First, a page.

Sunday , August 18 2019
Home / Commodity Blog / Soybean Plunges 1% As Heat Wave Could Impact Pollination

Soybean Plunges 1% As Heat Wave Could Impact Pollination

Summary:
Soybean futures are sliding as much as 1% to start the trading week as the US endures a heat wave that has expanded into the Plains and Midwest. It does not help that Chinese demand for soybean reserves has slipped to the lowest level in 2019, which comes as Beijing’s imports have weakened this year. November soybean futures tumbled %excerpt%.1225, or 1.32%, to .1925 per bushel at 17:08 GMT on Monday on the Chicago Board of Trade (CBoT). Despite a steep decline to kick off the week, soybean has turned positive on the year, advancing nearly 3%. The agricultural commodity had plunged by double-digits, but it has since pared those significant losses. The latest weather forecasts show that the US will see a change in weather patterns this week. A prolonged heat wave will touch the Plains

Topics:
Andrew Moran considers the following as important:

This could be interesting, too:

Andrew Moran writes Soybean Rebounds 1% After Bearish USDA Crop Report, China Retaliation

Andrew Moran writes Soybeans Rebound Despite US-China Trade Escalation, Benign Weather

Andrew Moran writes Soybean Slips Over Chinese Buying Uncertainty

Andrew Moran writes Soybean Falls As Chinese Imports Slip on Weak Feed Demand

Soybean futures are sliding as much as 1% to start the trading week as the US endures a heat wave that has expanded into the Plains and Midwest. It does not help that Chinese demand for soybean reserves has slipped to the lowest level in 2019, which comes as Beijing’s imports have weakened this year.

November soybean futures tumbled $0.1225, or 1.32%, to $9.1925 per bushel at 17:08 GMT on Monday on the Chicago Board of Trade (CBoT). Despite a steep decline to kick off the week, soybean has turned positive on the year, advancing nearly 3%. The agricultural commodity had plunged by double-digits, but it has since pared those significant losses.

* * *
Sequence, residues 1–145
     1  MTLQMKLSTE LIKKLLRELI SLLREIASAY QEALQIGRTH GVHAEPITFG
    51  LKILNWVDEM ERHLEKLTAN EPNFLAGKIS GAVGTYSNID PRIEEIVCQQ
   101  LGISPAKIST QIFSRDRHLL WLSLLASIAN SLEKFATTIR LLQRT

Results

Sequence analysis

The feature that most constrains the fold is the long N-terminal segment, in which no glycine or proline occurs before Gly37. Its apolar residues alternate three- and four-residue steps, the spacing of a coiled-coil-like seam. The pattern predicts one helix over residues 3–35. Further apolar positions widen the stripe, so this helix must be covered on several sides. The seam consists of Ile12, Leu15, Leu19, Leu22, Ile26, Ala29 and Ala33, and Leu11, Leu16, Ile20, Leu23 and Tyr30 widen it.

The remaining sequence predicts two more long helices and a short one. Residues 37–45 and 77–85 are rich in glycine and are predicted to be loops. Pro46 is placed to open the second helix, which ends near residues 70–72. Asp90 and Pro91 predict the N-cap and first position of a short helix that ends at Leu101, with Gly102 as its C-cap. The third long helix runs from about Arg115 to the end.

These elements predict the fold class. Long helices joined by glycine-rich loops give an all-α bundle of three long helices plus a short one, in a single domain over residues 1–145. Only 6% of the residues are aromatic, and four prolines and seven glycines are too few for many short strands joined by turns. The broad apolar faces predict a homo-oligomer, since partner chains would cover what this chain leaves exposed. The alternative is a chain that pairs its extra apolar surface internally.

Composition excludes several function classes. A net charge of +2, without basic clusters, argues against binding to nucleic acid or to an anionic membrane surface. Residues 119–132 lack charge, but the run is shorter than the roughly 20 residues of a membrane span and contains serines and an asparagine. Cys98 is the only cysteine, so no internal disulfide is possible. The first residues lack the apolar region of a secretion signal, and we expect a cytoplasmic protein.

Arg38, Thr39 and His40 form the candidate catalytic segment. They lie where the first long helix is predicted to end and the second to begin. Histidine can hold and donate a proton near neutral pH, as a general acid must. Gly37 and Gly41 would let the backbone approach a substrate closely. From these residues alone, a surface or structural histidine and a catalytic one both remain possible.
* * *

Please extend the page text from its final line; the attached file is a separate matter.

The latest weather forecasts show that the US will see a change in weather patterns this week. A prolonged heat wave will touch the Plains and Midwest, a central region for soybean and corn production. Temperatures are expected to top 90 degrees Fahrenheit (33 degrees Celsius) for the next several days.

This has sparked concerns that the hot and dry weather could negatively affect the important pollination phase for soybean and corn. Extended heat exposure, particularly at night, can impact pollination.

From the University of Nebraska-Lincoln CropWatch:

In years when we get high day and nighttime temperatures coinciding with the peak pollination period, we can expect problems. Continual heat exposure before and during pollination worsens the response … high humidity, which helps reduce crop water demand, also increases the thermal mass of the air — and provides extra stored heat and insulation at night.

Interestingly enough, according to the South China Morning Post, Chinese scientists have developed a gene-modified soybean that can grow in warmer climates. This could reverse the effects of shortened growth periods, premature flowering, and reduced production in certain parts of the globe.

Meanwhile, China is in the spotlight again for two reasons: demand and inspections.

Despite prices falling at state auctions in China, demand for soybean reserves from the last few years has slipped to the lowest level this year. At the same time, export inspections for American soybean products came in at 854,373 metric tons in the week ending July 11.

In other commodity markets, August corn futures plummeted $0.095, or 2.07%, to $4.4975 per pound. September wheat futures cratered $0.15, or 2.87%, to $5.08 a bushel. September orange juice futures declined $0.02, or 1.95%, to $1.015 a pound.

If you have any questions and comments on the commodities today, use the form below to reply.


© AndrewMoran for Commodity Blog, 2019. | Permalink | No comment | Add to

Better Feed from Ozh

Andrew Moran
I am a full-time professional writer. Prior to my self-employment, I worked as a reporter for Digital Journal covering the politics beat and The Toronto Times reporting on the city’s entertainment scene. I currently write mostly about business, marketing and finance

Leave a Reply

Your email address will not be published. Required fields are marked *